Windows 2008 SP2 introduced to IIS 7.0 the use of Application Pool identities to help secure web resources and enhance web application performance. This became the standard with Windows 2008 R2 and IIS 7.5. In my article regarding IIS 7.0/7.5 Best Practices, several items include the use of Application Pool identities in configuring both IIS and NTFS resources. The steps and practices below should be used when configuring IIS according to best practices.
Default Application Pools stopped
As explained in the IIS 7.0/7.5 Best Practices article, there are up to four Application Pools that are created by the installation of IIS and the .NET Framework v4.0. These Application Pools can be exploited by malicious code since they are commonly known and well-documented default objects. Use the IIS Manager to stop or delete the default Application Pools.
Each site should use its own associated Application Pool
As part of the planning for your web site structure, you should have already figured out what you will name your web site in IIS. If you create an Application Pool with the same name as your web site, when you create the web site it will automatically associate itself with that Application Pool. Otherwise, when you create a web site it will associate itself with the DefaultAppPool.
Either way, it is preferable to create an Application Pool with the same name as the web site and associate it for use so that configuring resources and troubleshooting issues later will be easier.
Configure Anonymous Authentication to use the AppPoolIdentity
By default, when you create an Application Pool it will configure itself to use the IUSR account for anonymous authentication. The IUSR account is created during the IIS installation process. In order to isolate web site content and resources, it is important to configure the Application Pool to use the AppPoolIdentity.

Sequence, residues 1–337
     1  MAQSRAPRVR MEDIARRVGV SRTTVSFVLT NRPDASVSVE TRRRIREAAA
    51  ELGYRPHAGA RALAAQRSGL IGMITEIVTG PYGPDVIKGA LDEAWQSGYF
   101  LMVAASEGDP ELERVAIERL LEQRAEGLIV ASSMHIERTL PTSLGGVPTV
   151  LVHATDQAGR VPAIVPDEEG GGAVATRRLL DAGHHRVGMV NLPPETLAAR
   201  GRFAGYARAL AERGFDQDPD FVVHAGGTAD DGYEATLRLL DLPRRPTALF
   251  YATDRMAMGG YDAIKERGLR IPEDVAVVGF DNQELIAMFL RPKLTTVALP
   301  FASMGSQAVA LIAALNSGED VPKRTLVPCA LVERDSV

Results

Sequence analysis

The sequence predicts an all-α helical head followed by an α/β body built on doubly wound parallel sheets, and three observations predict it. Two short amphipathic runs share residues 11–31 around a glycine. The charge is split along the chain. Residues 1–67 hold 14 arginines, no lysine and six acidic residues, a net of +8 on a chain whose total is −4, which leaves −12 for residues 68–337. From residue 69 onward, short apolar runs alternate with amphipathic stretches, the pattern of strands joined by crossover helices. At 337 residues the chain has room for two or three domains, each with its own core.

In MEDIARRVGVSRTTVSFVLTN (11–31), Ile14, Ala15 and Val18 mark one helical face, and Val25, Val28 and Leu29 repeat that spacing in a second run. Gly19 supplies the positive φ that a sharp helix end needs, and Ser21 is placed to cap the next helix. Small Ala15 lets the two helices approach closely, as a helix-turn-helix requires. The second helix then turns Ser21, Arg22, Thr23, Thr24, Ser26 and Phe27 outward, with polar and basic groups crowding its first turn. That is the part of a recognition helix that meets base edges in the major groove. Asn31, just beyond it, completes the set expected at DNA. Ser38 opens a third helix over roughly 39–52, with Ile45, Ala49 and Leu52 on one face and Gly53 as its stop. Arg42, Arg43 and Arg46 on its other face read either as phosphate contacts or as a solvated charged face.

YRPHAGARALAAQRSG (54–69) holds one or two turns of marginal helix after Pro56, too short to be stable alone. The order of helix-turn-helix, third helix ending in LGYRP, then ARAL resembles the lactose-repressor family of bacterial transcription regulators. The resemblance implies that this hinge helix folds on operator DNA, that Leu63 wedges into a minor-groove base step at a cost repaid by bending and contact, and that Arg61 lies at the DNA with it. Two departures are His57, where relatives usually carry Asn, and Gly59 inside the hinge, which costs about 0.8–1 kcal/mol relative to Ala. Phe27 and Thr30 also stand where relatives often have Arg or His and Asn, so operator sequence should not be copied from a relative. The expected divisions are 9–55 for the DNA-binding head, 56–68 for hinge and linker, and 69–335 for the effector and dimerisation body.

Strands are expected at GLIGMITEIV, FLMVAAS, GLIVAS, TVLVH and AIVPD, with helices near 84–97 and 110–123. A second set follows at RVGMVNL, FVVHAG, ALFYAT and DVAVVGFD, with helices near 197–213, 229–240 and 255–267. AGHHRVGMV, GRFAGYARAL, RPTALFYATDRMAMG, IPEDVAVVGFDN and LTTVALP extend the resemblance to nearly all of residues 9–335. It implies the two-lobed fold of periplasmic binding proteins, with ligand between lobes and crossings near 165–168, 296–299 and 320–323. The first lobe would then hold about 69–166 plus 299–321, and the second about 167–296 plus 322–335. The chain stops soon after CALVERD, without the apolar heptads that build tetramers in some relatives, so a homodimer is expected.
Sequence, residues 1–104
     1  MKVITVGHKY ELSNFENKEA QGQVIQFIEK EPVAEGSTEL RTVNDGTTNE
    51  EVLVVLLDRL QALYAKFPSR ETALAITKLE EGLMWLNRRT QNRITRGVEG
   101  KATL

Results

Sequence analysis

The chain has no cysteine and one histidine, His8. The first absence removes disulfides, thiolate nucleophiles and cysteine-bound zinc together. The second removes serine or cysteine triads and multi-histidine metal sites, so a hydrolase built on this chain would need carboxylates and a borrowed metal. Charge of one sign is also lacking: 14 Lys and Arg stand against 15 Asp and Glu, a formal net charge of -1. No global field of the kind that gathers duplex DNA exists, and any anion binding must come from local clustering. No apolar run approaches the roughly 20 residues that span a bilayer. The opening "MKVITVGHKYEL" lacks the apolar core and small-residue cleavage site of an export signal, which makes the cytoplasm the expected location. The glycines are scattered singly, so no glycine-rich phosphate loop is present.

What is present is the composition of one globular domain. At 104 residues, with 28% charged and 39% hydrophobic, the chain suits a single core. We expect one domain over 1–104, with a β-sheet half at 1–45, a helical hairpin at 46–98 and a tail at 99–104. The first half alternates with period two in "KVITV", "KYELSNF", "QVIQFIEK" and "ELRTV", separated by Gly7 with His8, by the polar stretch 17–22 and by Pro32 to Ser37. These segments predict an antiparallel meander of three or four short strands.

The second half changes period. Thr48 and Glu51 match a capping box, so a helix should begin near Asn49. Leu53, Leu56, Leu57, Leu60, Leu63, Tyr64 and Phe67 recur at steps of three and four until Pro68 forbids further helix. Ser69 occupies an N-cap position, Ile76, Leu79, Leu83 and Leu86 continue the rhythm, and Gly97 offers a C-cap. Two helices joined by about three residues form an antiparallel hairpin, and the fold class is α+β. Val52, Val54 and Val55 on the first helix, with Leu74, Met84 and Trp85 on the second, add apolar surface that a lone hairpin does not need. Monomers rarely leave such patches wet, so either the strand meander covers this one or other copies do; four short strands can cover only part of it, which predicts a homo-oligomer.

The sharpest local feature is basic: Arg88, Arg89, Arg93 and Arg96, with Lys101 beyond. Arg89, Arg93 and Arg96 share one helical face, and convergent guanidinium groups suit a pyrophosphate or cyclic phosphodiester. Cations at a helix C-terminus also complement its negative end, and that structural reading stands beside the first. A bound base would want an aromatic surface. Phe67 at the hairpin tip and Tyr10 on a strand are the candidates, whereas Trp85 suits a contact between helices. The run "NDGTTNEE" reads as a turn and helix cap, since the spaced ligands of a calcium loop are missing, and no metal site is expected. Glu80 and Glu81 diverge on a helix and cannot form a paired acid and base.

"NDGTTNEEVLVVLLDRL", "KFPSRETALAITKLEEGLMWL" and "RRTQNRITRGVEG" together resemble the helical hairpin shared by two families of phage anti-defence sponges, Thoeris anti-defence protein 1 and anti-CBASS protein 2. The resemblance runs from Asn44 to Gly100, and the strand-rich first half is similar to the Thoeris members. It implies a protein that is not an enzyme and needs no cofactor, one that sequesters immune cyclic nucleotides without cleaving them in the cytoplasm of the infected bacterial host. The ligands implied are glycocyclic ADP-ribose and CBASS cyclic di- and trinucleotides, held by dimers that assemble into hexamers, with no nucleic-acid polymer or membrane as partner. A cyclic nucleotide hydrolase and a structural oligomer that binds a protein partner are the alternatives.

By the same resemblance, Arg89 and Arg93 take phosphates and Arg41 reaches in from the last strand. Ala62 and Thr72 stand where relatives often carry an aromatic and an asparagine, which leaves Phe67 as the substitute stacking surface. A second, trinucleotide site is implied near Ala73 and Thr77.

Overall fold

NTFS Permissions and the AppPoolIdentity
The planning phase of your IIS web site should include creating a new folder on a disk separate from the system disk. This will help prevent your web site’s disk resources from interfering with operating system disk resources. The web site folder will, by default, inherit permissions from the parent folder – or the disk’s permissions if the folder is in the disk’s root.
The first step is to remove the web site root folder’s permission inheritance and set the folder to allow only the local Administrators group and the local SYSTEM account full control. You can then configure each site folder to give the web site’s AppPoolIdentity read-only permissions.
Properly configured Application Pools in IIS 7.0 and IIS 7.5 can greatly enhance your web server’s security. Making these best practices a standard in your web server environment can help you provide your company with a good security framework. But security doesn’t stop here. As a Windows Systems Administrator (SysAdmin), your responsibility is to ensure security throughout your server environment and the steps here are provided to give you a starting point.